Opposition MPs and NGOs have said they had hoped to see much more ambitious financial commitments to improve the energy efficiency of UK homes in delayed government plan
MPs and environmental campaign groups have reacted to the publication of the government’s Heat and Building Strategy with concerns about the scope of commitments to improve the efficiency of buildings.
The strategy was released this week with a host of financial commitments to step up heat pump adoption, while also setting our broad commitments to review and rebalance energy prices over the next decade to improve the attractiveness of electric heating.
A host of consultations have also been launched the strategy to garner feedback on proposals such as banning new fossil fuel heating systems in off-grid properties from 2026.
At the same time, the government has opted against introducing a national ban on natural gas boilers, preferring at present to gradually encourage customers to move to lower carbon alternatives by around 2035.
While the additional funding has been welcomed, there have been criticisms in both political and environmental circles about shortcomings in the plan to transform the existing building stock to be more efficient.
Labour MP Ed Miliband, the Shadow Business and Energy Secretary, argued via social media that the government’s plan, after numerous delays, had failed to deliver sufficient funding to ensure households across the country can effectively embrace low carbon heat at scale.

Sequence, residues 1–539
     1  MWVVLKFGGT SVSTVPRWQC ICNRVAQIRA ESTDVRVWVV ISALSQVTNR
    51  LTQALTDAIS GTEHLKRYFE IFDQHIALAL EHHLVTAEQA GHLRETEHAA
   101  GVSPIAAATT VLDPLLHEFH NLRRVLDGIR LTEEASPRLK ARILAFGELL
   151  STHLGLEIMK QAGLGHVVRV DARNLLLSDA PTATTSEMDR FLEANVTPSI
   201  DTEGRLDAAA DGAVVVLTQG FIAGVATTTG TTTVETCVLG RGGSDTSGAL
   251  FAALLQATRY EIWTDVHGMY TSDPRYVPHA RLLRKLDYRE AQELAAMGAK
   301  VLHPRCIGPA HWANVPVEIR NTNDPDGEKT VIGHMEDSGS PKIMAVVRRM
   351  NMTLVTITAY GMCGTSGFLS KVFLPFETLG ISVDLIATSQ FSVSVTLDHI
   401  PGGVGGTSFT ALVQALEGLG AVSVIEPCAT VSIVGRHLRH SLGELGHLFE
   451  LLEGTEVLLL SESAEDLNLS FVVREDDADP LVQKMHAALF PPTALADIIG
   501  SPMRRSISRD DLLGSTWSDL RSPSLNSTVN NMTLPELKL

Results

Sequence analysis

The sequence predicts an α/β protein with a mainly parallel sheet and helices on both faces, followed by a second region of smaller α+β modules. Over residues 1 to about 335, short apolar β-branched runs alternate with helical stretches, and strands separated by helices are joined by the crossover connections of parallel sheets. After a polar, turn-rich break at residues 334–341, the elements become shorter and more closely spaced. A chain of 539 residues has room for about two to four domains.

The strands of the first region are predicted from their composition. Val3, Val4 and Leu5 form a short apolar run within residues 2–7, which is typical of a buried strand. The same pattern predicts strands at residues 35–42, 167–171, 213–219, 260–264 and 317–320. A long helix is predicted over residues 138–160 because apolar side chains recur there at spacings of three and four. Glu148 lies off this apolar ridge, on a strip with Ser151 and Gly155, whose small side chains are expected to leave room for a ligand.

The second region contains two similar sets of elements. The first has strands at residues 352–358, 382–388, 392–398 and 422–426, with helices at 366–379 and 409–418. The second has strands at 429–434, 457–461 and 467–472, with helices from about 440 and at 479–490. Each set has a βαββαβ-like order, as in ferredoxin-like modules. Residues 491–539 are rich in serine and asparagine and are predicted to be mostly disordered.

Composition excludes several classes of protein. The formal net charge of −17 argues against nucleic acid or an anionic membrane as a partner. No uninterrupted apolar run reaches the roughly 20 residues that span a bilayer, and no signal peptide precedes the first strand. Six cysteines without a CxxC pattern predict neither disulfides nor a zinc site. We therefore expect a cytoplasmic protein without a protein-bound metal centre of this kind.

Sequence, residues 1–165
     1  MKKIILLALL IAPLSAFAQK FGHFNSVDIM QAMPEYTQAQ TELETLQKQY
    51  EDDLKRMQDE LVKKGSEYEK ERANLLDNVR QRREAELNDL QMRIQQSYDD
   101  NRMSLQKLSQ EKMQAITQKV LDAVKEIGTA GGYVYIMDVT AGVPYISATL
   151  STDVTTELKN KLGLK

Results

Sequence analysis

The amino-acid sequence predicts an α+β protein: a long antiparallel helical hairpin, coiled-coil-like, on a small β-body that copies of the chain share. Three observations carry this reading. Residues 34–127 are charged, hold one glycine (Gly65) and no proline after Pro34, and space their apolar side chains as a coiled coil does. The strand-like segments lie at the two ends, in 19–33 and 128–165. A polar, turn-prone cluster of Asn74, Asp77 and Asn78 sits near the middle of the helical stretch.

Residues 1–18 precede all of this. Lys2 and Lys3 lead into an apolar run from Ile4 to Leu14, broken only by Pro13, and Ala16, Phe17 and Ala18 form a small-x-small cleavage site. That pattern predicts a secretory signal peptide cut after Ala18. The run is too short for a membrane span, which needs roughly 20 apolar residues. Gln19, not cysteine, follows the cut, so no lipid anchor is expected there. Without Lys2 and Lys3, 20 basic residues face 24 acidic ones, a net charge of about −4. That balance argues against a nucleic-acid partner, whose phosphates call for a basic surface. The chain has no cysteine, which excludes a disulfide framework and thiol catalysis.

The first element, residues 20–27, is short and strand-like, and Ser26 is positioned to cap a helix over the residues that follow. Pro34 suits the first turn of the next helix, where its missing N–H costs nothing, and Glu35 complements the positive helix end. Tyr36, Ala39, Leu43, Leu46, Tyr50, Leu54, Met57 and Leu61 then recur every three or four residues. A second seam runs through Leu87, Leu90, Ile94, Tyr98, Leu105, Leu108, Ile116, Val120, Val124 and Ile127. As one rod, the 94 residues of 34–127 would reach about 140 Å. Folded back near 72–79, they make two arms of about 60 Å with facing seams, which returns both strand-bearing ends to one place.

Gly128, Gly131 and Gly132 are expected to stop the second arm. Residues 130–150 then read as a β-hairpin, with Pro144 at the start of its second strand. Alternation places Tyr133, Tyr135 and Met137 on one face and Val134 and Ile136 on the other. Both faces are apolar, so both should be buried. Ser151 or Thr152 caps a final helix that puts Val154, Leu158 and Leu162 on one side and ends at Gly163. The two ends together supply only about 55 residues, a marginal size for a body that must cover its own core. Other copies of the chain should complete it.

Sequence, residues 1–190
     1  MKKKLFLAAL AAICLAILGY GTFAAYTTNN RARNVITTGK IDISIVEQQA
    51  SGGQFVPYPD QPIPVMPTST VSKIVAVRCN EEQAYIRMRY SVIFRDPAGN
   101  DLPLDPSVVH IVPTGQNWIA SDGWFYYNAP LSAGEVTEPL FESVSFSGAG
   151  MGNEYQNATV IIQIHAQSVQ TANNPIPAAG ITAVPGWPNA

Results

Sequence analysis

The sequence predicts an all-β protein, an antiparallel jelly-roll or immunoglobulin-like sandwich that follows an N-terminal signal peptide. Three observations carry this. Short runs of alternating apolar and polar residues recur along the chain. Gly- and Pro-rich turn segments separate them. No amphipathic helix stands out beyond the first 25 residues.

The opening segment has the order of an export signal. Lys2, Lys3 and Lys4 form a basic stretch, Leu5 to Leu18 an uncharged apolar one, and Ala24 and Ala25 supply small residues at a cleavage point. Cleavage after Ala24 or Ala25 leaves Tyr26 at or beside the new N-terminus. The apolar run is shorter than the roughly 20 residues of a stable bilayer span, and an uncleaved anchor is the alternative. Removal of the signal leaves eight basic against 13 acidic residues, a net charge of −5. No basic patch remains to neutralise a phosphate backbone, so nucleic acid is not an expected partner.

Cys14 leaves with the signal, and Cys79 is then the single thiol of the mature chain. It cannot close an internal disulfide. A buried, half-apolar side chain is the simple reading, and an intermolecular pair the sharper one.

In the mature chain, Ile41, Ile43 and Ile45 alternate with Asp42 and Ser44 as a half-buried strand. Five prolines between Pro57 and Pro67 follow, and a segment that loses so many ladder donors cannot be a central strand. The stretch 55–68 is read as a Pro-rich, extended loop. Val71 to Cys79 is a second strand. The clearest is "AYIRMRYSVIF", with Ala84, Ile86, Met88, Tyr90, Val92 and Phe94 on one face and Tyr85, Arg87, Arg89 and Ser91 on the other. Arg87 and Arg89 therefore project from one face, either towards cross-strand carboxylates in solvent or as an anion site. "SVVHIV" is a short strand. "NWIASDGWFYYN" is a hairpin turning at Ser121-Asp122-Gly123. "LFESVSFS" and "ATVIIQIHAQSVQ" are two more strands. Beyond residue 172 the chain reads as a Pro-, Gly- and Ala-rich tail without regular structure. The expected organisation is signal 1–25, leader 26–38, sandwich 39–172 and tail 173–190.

1/The heat and buildings strategy has been delayed for months. For a country facing an energy price crisis, rising bills, and climate emergency, it wasn’t worth the wait. 🧵
— Ed Miliband (@Ed_Miliband) October 19, 2021
Mr Miliband claimed the strategy’s pledge to provide £5,000 grants to 30,000 homes to encourage adoption of heat pumps fell far short of the government’s own aims to install 600,000 units each year from 2028.
He was also critical of pledges to support domestic insulation upgrades and other material improvements in homes in a bid to reduce overall domestic heat demand.
Mr Miliband said that 19 million UK homes presently fell below the EPC Band C rating. The opposition MP was also critical about the lack of focus on a direct replacement for the short-lived Grant Homes Grant scheme that was scrapped less than a year from its launch.
He said, “A proper warm homes plan would lower bills, reduce emissions, and create jobs. But this Government is ducking the crucial decisions and making households pay the costs. By failing to invest, millions of households are being left out in the cold.”
By comparison, he said that Labour would have introduced a plan for providing £6bn of annual investment up to 2030 for supporting low carbon heat installations and retrofit work. The planned spending would be led by local authorities to ensure widescale insulation and energy efficiency upgrades across the UK housing stock.